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Jayne Min

Known for putting a luxe spin on laid-back looks, Jayne Min is your go-to inspiration for effortless style. Meet the latest curator of Shop With…

Interview by Jane McFarland. Photographs by James W Mataitis Bailey.

‘I’m still workshopping my one-sentence bio,’ admits Jayne Min, ‘but I often feel like a professional puzzle solver.’ The role-juggling millennial, who combines ‘creative direction, styling and brand consultancy’, is also one of LA’s most influential dressers – although Min is more likely to chronicle the tales of her Pomeranians Kuma and Pepper on Instagram than post an #ootd.

‘Fashion is sometimes a creative outlet, sometimes work, but it’s definitely not my life. It’s a fun thing I can turn to and it stays fun because I don’t take it seriously,’ she says. ‘Whenever I feel it getting boring, I have to step away and look at other things – art, music, interiors – and go back to it with fresh eyes. It’s important to be able to laugh at yourself and keep the balance of work, life and hobbies in perspective.’

Nevertheless, her effortless style of denim, oversized coats and black ankle boots is catnip to her followers, who prescribe to her laid-back yet luxurious aesthetic and witty approach to fashion. Min admits her favourite outfit is ‘any variation of T-shirt, jeans, and boots’ and is a creature of habit when it comes to shopping. ‘I take black trousers any way I can get them – cropped wool, long and flared, cotton twill, linen, oversized, paperbag-waist – I do not discriminate,’ she says. ‘Or sometimes, when I find a good silhouette, I’ll stock up. I have the same oversized, tapered Acne Studios chinos in three different colours and two fabrics.’ The Style Report learns more about the latest curator of our Shop With… initiative.


‘I was born in Long Beach and raised all over Southern California, but LA was always the home base for my family. I’ve lived abroad and I would move again in a heartbeat. Living close to family is a priority of mine, but I don’t personally feel connected to one city in particular. The thought of living in one place for ever actually gives me anxiety. I like the idea of picking up and moving every five years. Australia and/or Europe are looking pretty enticing right now.’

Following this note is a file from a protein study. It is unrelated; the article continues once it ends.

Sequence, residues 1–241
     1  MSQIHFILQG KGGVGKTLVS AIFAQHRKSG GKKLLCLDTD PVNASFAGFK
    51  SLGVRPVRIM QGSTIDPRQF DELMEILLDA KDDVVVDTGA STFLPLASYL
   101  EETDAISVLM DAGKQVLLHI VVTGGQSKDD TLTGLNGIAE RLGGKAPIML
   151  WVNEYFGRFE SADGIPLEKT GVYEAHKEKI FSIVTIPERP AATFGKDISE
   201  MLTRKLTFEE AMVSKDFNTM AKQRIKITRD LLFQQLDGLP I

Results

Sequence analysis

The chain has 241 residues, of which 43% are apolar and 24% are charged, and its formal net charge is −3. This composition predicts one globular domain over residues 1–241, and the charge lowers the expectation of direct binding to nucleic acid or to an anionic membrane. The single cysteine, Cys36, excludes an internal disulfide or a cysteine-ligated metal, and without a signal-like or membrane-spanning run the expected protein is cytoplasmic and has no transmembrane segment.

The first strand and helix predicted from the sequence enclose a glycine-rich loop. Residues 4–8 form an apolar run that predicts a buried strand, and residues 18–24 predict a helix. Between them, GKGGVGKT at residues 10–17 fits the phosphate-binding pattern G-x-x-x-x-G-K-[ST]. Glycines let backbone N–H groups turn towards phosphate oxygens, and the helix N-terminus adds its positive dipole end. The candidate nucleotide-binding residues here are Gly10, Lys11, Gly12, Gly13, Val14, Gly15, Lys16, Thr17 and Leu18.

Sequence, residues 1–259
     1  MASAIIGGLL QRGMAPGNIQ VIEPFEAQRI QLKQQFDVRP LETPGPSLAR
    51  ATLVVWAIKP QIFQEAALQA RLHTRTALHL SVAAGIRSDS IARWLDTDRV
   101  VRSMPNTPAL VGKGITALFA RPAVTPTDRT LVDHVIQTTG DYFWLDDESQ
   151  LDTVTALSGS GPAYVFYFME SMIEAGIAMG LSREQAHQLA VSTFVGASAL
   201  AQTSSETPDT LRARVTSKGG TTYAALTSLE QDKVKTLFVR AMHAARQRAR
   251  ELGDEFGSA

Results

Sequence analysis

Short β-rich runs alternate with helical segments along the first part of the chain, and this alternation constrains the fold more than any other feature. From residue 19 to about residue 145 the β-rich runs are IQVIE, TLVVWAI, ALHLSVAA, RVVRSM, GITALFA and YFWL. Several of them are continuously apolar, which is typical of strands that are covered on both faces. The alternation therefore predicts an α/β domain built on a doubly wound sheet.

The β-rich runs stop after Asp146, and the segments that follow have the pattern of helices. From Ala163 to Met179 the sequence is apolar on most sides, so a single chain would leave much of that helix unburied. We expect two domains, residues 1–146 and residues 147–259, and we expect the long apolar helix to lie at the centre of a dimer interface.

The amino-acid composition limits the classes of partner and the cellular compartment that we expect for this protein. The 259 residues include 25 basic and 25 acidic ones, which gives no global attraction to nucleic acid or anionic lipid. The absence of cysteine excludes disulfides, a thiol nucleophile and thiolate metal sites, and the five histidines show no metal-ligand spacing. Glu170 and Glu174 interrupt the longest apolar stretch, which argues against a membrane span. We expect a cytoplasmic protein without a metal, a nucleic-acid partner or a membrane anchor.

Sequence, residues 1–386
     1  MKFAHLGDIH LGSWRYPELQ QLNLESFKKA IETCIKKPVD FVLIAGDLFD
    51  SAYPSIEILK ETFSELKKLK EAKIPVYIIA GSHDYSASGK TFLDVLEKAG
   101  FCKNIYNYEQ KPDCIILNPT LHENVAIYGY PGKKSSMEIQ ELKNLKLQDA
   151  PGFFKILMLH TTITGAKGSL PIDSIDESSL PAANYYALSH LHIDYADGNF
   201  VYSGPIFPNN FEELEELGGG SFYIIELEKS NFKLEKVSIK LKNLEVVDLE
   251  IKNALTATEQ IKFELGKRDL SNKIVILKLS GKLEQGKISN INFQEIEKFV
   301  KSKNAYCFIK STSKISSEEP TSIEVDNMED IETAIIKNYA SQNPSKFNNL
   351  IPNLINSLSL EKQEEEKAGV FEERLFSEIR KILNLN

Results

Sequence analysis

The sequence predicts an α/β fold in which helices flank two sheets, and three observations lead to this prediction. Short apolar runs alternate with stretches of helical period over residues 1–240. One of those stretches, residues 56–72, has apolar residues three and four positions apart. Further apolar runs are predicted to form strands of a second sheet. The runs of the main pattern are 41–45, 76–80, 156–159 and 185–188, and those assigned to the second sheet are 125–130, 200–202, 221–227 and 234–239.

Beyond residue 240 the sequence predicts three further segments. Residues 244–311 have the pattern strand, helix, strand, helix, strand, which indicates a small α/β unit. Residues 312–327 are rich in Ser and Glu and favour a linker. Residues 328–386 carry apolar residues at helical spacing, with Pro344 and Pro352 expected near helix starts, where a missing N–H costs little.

‘I wouldn’t say LA is really “fashion” in the high-fashion connotation that most have with that word, but the city has always had a huge manufacturing and apparel industry – some of the best denim in the world comes out of LA. With the internet exploding in recent years and fast fashion taking centre stage, there are more eyes on commercial and streetwear brands, so I think in that sense more people are paying attention to what comes out of LA.’


‘An ideal day anywhere for me would be to have zero obligations. One of those days where you wake up and have nothing due and nowhere to be. If I had a free day in LA, I would take my time getting ready, eat a big breakfast, go to the archery range (ideally it would be an overcast day), have an early dinner with friends and be in bed with a movie on by 8pm.’


‘I have a high level of respect for people who have a foundation of practicality to their style and who dress for themselves – the Diane Keatons of the world! You can always tell if a person feels good in their outfit. I don’t really subscribe to the suffer for fashion mentality. If I can’t eat or sleep or work in it comfortably, I’m not interested.’

I have a high level of respect for people who dress for themselves… You can always tell if a person feels good in their outfit.

‘Interior design has not yet been tainted as work for me, so it’s often my escape from fashion. I’ll approach a chair with the same kind of obsession that I would a great pair of boots – researching, revisiting, comparing, looking for the best deal. My loft is basically a giant concrete rectangle, so it’s a challenge to make sense of the space. Even the largest sofa or painting is dwarfed. Similar to how I build looks, I keep key pieces – like the sofa – minimal and work around them. You can create a look with accent chairs, rugs, and art, and switch them up when you get bored without having to invest in big pieces like sofas or dining tables again and again.’


‘I should be an aesthetician by now. If you grow up with acne, you become well versed in skincare and beauty and the importance of overall cleanliness. My beauty routine is not just confined to make-up or facials, it starts with keeping pillow covers and towels clean, not touching my face with my hands too much, you name it. I’m trying to be more disciplined with food and drinking more water, but it’s an uphill battle. I’m much stricter with general hygiene. When it comes to actual products I have an arsenal, from masks to serums to cleansers and misters. It’s serious business.’


‘I find everything to be too quick now. It’s overwhelming, feeling like you have to pay attention constantly in order to stay on top. For me, processes and steps are such a vital part of true understanding. It’s like everyone skim reads now. We have a cursory knowledge of many things, but don’t really bother to go deep into any one thing anymore. I appreciate creatives who push boundaries and take the time to hone their own style. I more and more appreciate the lasting nature of print magazines, like Self Service, Brutus, Marfa Journal, Union, The New Order, Near East and Love Want.’

The Style Report
The Style Report